The Foundation of Choice of Law: Choice and Equality

ISBN : 9780190622305

Sagi Peari
344 ページ
156 x 235 mm

This book focuses on the subject of choice of law as a whole and provides an analysis of its various rules, principles, doctrines and concepts. It offers a conceptual account of choice of law, called choice equality foundation (CEF) which aims to flesh out the normative basis of the subject. It provides a justification of the nature and limits of such popular principles as party autonomy, most significant relationship, and closest connection. It also discusses such topics as the actual operation of public policy doctrine in domestic courts, and the relation between the notion of international human rights and international commercial dealings, and makes some suggestions about the ability of traditional rules to cope with the advancing challenges of the digital age.


I. The Formal Structure of Choice of law Rules: Three Choice of Law Methodologies
A. The Inherently Formal Structure of Classical and Interest Analysis Choice of Law Methodologies
B. Challenging the Formal Structure of Choice of law Rules: Better Law Methodology
1. Better Law: Two Versions and Two Challenges
2. Better Law as a Primary Rule: Robert Leflar & Friedrich Juenger
3. Targeting the Better Law Approach as a Primary Rule
4. Better Law as a Subsidiary Rule
C. Situating CEF within the Formal Structure of Choice of Law Rules and the Better Law Story
II. Choice Pillar I: Understanding Savigny's Theory of Choice of Law as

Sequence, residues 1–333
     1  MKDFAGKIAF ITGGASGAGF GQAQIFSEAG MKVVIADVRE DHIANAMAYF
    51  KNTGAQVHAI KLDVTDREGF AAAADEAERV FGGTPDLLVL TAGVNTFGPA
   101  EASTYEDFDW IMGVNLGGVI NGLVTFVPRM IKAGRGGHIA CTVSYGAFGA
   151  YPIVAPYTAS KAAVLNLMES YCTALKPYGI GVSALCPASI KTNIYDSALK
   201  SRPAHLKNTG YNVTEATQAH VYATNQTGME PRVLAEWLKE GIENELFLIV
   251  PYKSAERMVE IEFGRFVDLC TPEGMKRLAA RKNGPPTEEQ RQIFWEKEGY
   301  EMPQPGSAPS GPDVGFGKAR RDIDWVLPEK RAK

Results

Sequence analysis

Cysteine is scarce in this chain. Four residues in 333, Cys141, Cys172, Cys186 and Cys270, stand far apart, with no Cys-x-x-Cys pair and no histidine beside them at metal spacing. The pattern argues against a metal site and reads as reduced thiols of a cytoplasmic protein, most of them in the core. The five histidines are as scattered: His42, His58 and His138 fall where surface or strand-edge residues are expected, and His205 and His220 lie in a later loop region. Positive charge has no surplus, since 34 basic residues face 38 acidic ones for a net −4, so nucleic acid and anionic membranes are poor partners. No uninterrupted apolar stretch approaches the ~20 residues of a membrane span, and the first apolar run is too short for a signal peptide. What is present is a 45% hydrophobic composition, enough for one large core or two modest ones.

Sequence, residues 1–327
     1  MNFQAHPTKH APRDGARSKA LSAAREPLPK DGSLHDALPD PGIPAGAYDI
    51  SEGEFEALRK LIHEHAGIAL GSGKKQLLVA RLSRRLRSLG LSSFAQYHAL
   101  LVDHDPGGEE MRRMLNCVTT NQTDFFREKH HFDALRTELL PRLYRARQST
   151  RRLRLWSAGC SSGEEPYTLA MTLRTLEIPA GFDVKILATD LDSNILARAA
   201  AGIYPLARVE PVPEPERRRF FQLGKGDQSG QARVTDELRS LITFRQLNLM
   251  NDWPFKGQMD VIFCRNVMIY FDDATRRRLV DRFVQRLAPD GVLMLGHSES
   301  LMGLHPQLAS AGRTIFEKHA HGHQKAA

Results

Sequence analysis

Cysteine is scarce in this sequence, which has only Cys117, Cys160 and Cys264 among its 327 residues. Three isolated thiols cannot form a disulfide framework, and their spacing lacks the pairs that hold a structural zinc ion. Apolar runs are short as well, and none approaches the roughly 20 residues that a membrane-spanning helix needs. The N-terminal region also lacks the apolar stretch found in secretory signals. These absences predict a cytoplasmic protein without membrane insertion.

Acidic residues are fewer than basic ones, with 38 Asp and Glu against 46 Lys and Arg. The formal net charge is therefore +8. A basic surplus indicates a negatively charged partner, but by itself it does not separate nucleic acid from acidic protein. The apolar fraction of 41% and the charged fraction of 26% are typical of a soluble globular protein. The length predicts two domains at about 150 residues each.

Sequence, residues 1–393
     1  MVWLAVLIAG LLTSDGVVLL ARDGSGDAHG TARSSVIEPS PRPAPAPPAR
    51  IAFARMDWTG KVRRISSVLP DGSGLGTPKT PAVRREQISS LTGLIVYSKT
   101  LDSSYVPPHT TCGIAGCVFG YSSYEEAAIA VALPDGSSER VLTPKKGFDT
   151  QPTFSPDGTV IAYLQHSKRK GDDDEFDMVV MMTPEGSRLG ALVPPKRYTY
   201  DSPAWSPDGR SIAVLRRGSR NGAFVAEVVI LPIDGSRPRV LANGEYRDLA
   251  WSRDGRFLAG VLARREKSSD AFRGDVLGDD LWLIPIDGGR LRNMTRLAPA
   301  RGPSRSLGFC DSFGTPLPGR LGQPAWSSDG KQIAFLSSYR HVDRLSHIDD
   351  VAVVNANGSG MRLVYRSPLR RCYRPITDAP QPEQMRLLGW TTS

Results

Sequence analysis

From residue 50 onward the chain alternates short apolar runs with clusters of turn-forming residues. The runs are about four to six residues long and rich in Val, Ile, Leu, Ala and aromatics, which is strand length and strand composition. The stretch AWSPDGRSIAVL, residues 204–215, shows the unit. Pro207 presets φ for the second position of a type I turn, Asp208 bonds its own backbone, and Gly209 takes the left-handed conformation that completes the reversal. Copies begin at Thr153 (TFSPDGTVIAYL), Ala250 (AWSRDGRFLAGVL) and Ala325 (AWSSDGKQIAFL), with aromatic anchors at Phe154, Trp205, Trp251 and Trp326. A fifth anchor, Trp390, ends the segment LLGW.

Voluntary Submission
A. Step 1: Three Basic Insights on the Nature of the Subject
1. Basic Insight (1): The Basic Unit of Inquiry Has to be Related to the Concept of Legal
2. Basic Insight (2): Choice of Law Rules Must Be Linked to States' Territories
3. Basic Insight (3): The Choice of Law System Has to Be Universal
B. Step 2: Theory Revealed - Organizing Principle of Voluntary Submission
1. The Relation to Roman Law and the Scholarship of Organizing Principles
2. The Operational Mechanism of the Principle
C. Step III: Two Deviations from the Voluntary Submission Principle
1. Deviation I: Savigny's Exceptional Category of Anomalous Laws
2. Deviation II: The Frequent Affixation on Juridical Presumptions
III. Choice Pillar II: Returning Savigny's Theory to its Origins
A. The Kantian Origins of Savigny's Organizing Principle of Voluntary Submission
1. Kantian System of Right
2. Savigny's System of Rights
B. CEF's Choice Pillar: the Principle of Juridical Relational Choice
1. The Requirement of Juridical Relational Choice
2. The Presence of a Foreign Element in the Factual Matrix of the Case
C. The Operational Mechanics of the Choice Pillar: Party Autonomy and Constructive
1. Party Autonomy Principle
2. The Doctrine of Constructive Inference
IV. The Equality Pillar
A. The Link to Better Law as a Subsidiary Rule
B. The Limits to Kantian (and CEF's) Positivism: (1) Barbarism
(2) Innate Equality;
and (3) State Equality
1. The Barbarism Exception
2. Innate Equality Exception
3. States' Equality Principle
C. The Two Challenges of Better Law and CEF's Positivism
1. The Subjectivity and Legitimacy Challenges
2. CEF's Positivism
D. Evil Laws as a Reflection of the Equality Pillar